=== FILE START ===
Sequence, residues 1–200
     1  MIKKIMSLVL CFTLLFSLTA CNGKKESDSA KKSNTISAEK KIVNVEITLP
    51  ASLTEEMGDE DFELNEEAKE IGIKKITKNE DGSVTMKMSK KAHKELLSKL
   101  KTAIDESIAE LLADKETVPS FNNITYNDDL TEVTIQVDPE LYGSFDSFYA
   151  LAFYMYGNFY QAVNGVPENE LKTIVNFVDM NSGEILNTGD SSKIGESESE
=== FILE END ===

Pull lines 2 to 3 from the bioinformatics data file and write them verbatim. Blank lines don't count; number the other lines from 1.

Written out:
     1  MIKKIMSLVL CFTLLFSLTA CNGKKESDSA KKSNTISAEK KIVNVEITLP
    51  ASLTEEMGDE DFELNEEAKE IGIKKITKNE DGSVTMKMSK KAHKELLSKL